Altered Parietal Brain Oxygenation in Alzheimer's Disease as Assessed With Near-Infrared Spectroscopy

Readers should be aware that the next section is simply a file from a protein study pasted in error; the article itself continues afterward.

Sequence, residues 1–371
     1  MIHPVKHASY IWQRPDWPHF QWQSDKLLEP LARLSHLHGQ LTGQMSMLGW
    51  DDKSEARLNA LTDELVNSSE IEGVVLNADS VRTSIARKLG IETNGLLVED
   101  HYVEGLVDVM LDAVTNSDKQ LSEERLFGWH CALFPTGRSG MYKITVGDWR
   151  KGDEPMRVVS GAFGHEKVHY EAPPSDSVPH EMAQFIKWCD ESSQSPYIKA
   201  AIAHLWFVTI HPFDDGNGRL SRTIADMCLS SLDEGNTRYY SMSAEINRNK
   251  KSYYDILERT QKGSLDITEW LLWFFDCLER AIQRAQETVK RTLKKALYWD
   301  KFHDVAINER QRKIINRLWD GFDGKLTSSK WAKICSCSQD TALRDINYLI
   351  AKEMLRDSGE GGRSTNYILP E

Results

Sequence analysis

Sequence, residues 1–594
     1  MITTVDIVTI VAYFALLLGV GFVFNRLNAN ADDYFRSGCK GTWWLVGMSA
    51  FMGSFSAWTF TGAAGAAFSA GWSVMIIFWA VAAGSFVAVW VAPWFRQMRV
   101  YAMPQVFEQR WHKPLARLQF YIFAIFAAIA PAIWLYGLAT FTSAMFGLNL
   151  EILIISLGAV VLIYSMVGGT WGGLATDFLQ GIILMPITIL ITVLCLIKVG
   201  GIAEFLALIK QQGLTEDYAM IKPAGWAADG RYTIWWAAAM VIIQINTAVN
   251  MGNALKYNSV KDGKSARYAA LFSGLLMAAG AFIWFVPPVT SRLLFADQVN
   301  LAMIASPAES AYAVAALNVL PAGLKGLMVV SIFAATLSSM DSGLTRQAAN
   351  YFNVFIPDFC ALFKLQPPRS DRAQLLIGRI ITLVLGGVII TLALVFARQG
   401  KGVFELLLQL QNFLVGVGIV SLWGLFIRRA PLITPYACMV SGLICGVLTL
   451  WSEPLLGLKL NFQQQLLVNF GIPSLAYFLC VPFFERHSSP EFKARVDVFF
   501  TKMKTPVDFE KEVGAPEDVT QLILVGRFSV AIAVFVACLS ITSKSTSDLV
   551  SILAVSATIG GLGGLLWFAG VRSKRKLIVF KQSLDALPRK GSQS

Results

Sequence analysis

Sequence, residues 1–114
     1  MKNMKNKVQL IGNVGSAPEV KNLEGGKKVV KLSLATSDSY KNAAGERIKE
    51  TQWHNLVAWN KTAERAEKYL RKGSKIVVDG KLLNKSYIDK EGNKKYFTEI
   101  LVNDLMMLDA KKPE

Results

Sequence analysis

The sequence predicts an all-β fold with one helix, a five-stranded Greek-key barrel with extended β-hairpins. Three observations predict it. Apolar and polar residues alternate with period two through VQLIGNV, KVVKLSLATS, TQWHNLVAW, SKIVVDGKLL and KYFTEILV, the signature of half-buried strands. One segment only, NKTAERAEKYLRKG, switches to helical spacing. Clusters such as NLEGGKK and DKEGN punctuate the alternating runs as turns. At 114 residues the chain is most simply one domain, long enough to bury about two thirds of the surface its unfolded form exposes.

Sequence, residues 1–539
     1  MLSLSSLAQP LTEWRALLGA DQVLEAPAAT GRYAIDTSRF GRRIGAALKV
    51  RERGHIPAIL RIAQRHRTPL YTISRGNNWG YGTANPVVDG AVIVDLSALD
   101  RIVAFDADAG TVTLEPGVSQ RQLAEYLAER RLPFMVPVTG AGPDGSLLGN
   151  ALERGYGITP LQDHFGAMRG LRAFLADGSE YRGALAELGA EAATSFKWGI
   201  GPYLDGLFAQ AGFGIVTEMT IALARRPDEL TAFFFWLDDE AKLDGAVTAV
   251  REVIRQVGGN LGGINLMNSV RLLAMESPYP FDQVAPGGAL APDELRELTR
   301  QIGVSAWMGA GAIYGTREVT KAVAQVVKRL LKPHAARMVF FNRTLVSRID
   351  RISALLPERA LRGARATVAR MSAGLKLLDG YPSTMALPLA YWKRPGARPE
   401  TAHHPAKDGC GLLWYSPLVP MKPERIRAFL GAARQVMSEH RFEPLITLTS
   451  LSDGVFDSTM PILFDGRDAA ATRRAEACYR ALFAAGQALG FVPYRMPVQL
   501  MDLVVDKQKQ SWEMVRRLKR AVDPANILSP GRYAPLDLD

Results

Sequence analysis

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Objective:Visuospatial deficits are among the first symptoms of Alzheimer disease (AD) and linked to lower activation in the superior parietal cortex as assessed with functional imaging. Near-infrared spectroscopy (NIRS) is an optical method to measure changes in the concentration of oxygenated hemoglobin and deoxygenated hemoglobin in the microvascular system of the cortex. Because of its advantages in measurement situation, NIRS has proven to be especially suited for investigating psychiatric patients. The aim of this study was to probe the activation of parietal regions in patients with AD, performing a visuospatial task by means of functional NIRS (fNIRS).Methods:Thirteen patients with suspected mild AD and 13 healthy subjects comparable in age and gender were investigated while working on a modified version of the Benton Line Orientation Task.Results:During the spatial task, healthy subjects showed explicit parietal activation, whereas patients displayed only activation during the control task. Interestingly, there was no difference in visuospatial performance between the two groups.Conclusion:The results indicate that fNIRS is able to measure parietal activation deficits in patients with AD, which could be developed into an early detection method in the future.

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